Then vs. than, how to choose the right word? The English language is full of words that look and sound really alike but actually have very different meanings. The words “then” and “than” are only one example: even though they differ by a single letter, they can’t be used to replace each other in a sentence. Many people confuse than vs. then but the difference between the two is pretty straightforward.
Then vs. Than
- THEN is an adverb that is used to situate events in time, and an adjective that means, “being so at the time”.
- THAN is a conjunction that is used when we want to compare something to something else.
- I’ll give you a key then you’re free to come and go as you please.
- It is easier to get money than to keep it.
If you are unsure about which word to use, address these general rules for using then vs. than.
When to Use Then
Use THEN when:
1) You want an adverb that means “at that time”, e.g. I wasn’t answering the phone because I was on vacation then.
2) You want an adverb that means “afterward”, e.g. We packed our bags and then went to the airport.
3) You want an adverb that means “in that case”, e.g. If the weather is good, then we will go for a walk.
4) You want an adjective that means “being so at the time”, e.g. My then best friend was always late.
When to Use Than
Use THAN when:
1) You are comparing two objects, e.g. His computer is more expensive than mine.
Tips for Using Than or Then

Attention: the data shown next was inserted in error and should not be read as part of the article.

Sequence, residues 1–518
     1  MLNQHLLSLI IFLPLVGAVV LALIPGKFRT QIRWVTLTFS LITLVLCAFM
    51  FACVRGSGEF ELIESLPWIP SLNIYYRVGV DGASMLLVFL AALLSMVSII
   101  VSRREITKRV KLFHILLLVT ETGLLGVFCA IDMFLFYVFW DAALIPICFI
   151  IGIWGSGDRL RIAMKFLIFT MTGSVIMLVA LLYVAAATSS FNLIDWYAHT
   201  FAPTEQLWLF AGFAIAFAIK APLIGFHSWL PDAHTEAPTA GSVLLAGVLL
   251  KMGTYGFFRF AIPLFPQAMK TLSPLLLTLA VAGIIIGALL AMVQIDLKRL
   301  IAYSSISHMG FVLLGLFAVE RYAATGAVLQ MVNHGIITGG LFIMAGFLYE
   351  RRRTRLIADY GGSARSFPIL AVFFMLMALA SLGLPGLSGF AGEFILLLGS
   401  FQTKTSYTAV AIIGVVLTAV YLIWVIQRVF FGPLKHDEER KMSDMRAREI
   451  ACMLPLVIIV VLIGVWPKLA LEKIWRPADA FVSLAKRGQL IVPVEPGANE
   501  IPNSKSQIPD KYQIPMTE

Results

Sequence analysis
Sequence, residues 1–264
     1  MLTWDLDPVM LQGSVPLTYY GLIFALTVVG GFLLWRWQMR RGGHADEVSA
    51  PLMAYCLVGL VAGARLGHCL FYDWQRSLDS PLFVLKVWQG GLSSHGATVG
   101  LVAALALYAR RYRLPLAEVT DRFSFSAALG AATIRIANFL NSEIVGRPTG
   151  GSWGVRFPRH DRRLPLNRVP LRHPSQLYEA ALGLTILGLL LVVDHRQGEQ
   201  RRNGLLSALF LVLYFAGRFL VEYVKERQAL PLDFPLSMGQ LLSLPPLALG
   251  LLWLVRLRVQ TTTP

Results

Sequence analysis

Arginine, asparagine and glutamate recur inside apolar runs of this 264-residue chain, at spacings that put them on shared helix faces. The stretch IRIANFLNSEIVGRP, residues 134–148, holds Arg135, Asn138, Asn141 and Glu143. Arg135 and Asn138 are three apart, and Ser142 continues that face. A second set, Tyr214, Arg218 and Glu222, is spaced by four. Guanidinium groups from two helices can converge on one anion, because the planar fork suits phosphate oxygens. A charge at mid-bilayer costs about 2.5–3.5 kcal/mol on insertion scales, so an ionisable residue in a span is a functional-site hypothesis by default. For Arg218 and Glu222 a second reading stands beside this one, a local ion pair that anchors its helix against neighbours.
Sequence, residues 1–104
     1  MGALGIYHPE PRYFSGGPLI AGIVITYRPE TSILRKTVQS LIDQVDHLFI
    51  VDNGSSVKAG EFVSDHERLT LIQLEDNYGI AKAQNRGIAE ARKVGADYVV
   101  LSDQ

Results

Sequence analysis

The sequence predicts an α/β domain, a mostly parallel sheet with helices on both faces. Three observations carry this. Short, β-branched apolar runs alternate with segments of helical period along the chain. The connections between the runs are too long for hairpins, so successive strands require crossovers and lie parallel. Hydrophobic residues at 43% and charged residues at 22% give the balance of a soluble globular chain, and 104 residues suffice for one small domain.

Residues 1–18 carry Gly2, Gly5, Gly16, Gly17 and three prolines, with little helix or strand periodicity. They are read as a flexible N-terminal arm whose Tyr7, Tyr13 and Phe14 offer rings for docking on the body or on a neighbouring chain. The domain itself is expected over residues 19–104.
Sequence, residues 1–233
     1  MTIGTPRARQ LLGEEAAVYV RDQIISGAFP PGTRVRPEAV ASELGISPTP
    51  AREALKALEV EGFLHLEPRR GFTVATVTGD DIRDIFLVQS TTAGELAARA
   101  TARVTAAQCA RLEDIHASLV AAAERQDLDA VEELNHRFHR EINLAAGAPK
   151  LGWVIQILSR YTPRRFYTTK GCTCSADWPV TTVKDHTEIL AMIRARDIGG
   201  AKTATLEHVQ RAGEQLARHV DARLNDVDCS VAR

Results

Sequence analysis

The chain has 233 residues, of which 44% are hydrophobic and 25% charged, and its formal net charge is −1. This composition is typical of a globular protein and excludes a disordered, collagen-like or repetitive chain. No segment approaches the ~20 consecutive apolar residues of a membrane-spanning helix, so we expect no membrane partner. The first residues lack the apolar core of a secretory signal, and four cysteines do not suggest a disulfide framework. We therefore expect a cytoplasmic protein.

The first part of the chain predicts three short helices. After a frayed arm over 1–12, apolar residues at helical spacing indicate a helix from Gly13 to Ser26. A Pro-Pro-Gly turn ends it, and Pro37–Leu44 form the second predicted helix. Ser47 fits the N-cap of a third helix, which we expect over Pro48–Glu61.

The “Then vs. Than” dilemma might be a challenging one but there are tricks that will help you. If you can replace the word with an adverb that indicated time, such as “afterward” or “subsequently”, you need to use “then”. If you can use “in that case” instead of the word in question, the correct option also is “then”. If you are making a comparison between two people, objects, or things, “than” is the word that you are looking for.
Let’s see an example: “John did his homework and then/ than went to the cinema”. See if you can rewrite the sentence: “John did his homework and afterward went to the cinema”. It sounds correct, so you need to use “then”.
Another example will be, “My dress is prettier then/ than Mary’s”. Here you are comparing your dress to Mary’s dress; therefore, the correct word will be “than”.
What is the word to use when you say, “If my car breaks down, then/ than I will arrive late”? In this sentence, you can replace the word in question with “in that case”. Or, if you change the structure of the sentence, you can say, “In case my car breaks down, I will arrive late”. Therefore, “then” is the word you should use.
Then vs. Than Examples
- She started to sing, and then the others chimed in.
- If you don’t want fish for dinner, then you’ll just have to go without!
- Boil plenty of salted water, then add the spaghetti.
- Call again next week. They should have reached a decision by then.
- A good neighbour is better than a brother in the next village.
- “One father is more than a hundred schoolmasters.” (George Herbert)
- He worked harder than the others.
- This problem is more difficult than that one.
Difference between Than vs. Then | Infographic
Then or Than | What’s the Difference between Then vs. Than?